Last year they froze just as they were bursting out, and I didn't get a single cutting for the house. But we won't mention that sadness again, will we? The lilacs are blooming, and it is spring. Anyone can see them, smell them, and feel their soul swell, their limbs stretch and strengthen, their own faces turn up to the sunshine.
But aside from their incredible sweet smell and the exuberance of their abundant blooms, lilacs are useful plants, worthy of their own corner in the edible landscape.
Make lilac sugar: This is the simplest thing to do, and flavored sugars are always a fancy little treat. Pick some lilac blossoms, clean and not buggy, and sprinkle them in a jar of white sugar, making a few layers, then cap the jar and forget about it for a couple of weeks. For a fancy tea party make little open face sandwiches with a sprinkle of lilac sugar and a few blossoms chopped into cream cheese, and a few petals for garnish, or use the sugar to make shortbread cookies. Heat up some milk, add vanilla and a dollop of whipped cream sweetened with lilac sugar for a little treat to surprise your little ones.
Lilac Syrup: Heat one cup of sugar and one cup of water to a boil, then stir in 1 cup of lilac blossoms and drop heat to low, cook 12 minutes, and strain the syrup into a jar. Keep in the fridge or freezer. Try this over crushed ice with sparkling water, or use the syrup as a pound cake glaze or ice cream.
You can make jelly, but I've never done it. My children only recently decide that they like jams and jellies, though, so maybe this year....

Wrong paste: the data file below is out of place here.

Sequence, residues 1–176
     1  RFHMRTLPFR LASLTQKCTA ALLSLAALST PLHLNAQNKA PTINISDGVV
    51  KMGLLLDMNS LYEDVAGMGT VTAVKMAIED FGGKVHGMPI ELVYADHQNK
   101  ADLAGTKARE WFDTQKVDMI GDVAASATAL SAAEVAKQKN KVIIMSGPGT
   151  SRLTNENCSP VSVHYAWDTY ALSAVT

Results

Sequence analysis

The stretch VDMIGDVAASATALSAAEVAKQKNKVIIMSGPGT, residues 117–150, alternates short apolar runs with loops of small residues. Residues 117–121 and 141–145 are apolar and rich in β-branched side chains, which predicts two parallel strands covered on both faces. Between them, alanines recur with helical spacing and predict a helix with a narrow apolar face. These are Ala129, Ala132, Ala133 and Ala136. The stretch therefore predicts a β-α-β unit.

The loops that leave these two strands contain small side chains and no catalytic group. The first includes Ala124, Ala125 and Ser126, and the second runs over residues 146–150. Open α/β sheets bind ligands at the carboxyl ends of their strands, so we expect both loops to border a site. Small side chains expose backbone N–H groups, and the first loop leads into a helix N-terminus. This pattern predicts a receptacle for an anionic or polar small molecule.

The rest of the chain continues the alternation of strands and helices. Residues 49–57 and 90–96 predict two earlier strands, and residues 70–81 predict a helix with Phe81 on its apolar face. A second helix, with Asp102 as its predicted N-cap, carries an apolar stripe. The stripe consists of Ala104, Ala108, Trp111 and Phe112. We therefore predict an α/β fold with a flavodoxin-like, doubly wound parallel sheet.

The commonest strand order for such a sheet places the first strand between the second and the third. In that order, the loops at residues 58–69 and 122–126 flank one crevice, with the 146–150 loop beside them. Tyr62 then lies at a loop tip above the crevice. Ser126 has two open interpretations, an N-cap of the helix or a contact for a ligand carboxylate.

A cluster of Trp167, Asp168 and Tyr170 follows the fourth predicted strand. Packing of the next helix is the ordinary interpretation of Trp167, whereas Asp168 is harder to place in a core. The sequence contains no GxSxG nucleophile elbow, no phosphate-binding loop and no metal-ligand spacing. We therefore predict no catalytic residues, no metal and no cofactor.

Lilac Muffins with lilac petals tossed in sugar and added to your favorite muffin recipe.
Here's a recipe for a spring trifle with lilac infused pastry cream that looks amazing. I do love trifle- after all, what's better than cake? Cake covered in pudding, of course!
Some people say lilacs keep bad spirits from entering the door if they're growing near. Mine is right by the back door, so I guess we're safe. Thank goodness!
People used to chew the bark and leaves to help sore mouths, and the leaves can be made into a medicinal tea to help with fevers, ridding the body of worms, and can be used as a general restorative tonic. I haven't used lilacs this way, but I love knowing how every little thing CAN be used!
You can of course get essential oil from lilacs, and make dye from the flowers (green!), leaves (green or brown), and the twigs (yellow-orange).
There was even a story on NPR about phenology (tracking natural phenomena) and using lilacs to track climate change.
Oddly this delightful, sweet flower has a sad reputation. Think of Walt Whitman's famous poem, When Lilacs Last in the Dooryard Bloom'd which combines lilacs with Abraham Lincoln's death.
There's an old proverb about girls who wear lilacs never marrying, and a sad story about an Englishman who ruined an innocent girl laying colorful lilacs on her grave. In the morning they were white, as if they too had bled to death.
Most famously, in Greek Mythology, Syrinx (Syringa), a follower of Artemis, and known for her chastity was pursued by Pan through the forest, til she ran to the river's edge and begged for help from the river nymphs, who transformed her into a bush with hollow reeds that made a haunting sound when the Pan's frustrated breath blew across them. He cut the reeds and made the first set of pan pipes.
Maybe lilacs don't have the happiest ending in story, but they'll always signal the happy end of winter to me. And my old friend, Walt Whitman, has a lesser known but lovely poem that sums it up just right: Warble for Lilac Time.